Tuesday, January 10, 2012

The Cookbook Collector by Allegra Goodman

If any contemporary author deserves to wear the mantel of Jane Austen, it's Goodman, whose subtle, astute social comedies perfectly capture the quirks of human nature. This dazzling novel is Austen updated for the dot-com era, played out between 1999 and 2001 among a group of brilliant risk takers and truth seekers.

Still in her 20s, Emily Bach is the CEO of Veritech, a Web-based data-storage startup in trendy Berkeley. Her boyfriend, charismatic Jonathan Tilghman, is in a race to catch up at his data-security company, ISIS, in Cambridge, Mass. Emily is low-key, pragmatic, kind, serene—the polar opposite of her beloved younger sister, Jess, a crazed postgrad who works at an antiquarian bookstore owned by a retired Microsoft millionaire. When Emily confides her company's new secret project to Jonathan as a proof of her love, the stage is set for issues of loyalty and trust, greed, and the allure of power. What is actually valuable, Goodman's characters ponder: a company's stock, a person's promise, a forest of redwoods, a collection of rare cookbooks?

Goodman creates a bubble of suspense as both Veritech and ISIS issue IPOs, career paths collide, social values clash, ironies multiply, and misjudgments threaten to destroy romantic desire. Enjoyable and satisfying, this is Goodman's ( Intuition ) most robust, fully realized and trenchantly meaningful work yet.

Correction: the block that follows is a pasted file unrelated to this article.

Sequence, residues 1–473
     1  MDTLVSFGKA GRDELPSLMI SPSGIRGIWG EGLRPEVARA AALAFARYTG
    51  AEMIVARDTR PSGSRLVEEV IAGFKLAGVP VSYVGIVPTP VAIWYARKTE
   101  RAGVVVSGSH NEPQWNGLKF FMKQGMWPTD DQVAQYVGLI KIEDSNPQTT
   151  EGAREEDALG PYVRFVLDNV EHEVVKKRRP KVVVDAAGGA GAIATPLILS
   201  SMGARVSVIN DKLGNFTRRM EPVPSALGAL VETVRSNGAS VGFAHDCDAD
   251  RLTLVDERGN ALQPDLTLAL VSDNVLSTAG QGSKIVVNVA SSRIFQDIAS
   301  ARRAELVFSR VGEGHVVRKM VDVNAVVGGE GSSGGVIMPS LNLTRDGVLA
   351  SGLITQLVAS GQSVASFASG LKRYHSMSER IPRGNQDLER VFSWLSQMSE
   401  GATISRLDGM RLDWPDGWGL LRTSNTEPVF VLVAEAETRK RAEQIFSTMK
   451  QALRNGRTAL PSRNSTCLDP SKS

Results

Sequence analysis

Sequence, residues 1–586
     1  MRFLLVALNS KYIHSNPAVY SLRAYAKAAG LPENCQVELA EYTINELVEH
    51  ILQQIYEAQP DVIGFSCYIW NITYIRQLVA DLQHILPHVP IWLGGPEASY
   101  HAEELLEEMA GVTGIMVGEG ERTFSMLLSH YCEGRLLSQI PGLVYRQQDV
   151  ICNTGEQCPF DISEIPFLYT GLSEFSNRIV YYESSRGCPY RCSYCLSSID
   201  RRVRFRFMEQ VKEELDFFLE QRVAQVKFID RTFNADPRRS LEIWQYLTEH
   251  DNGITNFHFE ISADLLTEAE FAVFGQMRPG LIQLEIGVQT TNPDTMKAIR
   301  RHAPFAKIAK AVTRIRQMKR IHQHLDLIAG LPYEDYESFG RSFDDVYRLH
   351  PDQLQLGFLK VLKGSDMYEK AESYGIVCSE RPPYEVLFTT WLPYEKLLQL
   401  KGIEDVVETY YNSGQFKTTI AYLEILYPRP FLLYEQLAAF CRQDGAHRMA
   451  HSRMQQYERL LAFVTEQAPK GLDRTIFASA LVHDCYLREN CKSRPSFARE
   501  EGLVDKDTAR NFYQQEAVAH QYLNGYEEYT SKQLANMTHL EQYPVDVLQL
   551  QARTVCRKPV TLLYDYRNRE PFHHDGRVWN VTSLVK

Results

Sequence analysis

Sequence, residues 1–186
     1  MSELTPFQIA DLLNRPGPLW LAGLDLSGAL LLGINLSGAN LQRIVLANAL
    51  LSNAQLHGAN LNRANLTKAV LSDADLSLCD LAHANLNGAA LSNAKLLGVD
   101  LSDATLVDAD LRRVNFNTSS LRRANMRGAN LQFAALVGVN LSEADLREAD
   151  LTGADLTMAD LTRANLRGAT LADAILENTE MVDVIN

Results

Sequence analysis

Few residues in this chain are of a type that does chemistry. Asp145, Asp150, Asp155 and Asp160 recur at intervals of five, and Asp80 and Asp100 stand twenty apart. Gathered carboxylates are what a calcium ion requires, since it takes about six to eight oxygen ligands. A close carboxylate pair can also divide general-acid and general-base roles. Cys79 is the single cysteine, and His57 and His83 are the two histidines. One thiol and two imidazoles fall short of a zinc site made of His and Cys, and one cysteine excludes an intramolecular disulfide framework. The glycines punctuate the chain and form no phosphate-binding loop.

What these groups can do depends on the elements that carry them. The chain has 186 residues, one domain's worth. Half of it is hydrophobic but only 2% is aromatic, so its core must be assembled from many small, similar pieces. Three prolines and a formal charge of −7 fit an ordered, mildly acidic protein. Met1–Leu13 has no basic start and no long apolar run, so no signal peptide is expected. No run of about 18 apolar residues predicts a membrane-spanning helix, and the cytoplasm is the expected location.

My take: 3 looks
While this was a very entertaining and compelling book, it was in no way like a Jane Austen novel. For a reviewer to state such is unfair to the author. I liked the characters and the story, but found a bit too much going on at times, and several rabbit chases that left me unfulfilled. They story was heavy on Judaism, which was a bit confusing to me. It didn't seem to be a vital part of the story, but merely a fact (albeit important fact) of Gillian's past. Her daughters discovered the secret, each dealing with it in her own way, but that part of the story came too late in the book to explore or pursue. The fact that they were related to the family living behind their father was a little too tidy, or a little too creepy, for me to believe.

And what happened to Orion? Did he and Sorel just ride off into the sunset? What became of Molly? Did she continue to live in their apartment and become a doctor? Did she, too, become disenfranchised with her path and change it completely? Did Leon finally save the trees?

These are the reasons I give three stars instead of four. I will, however, read more by this author.

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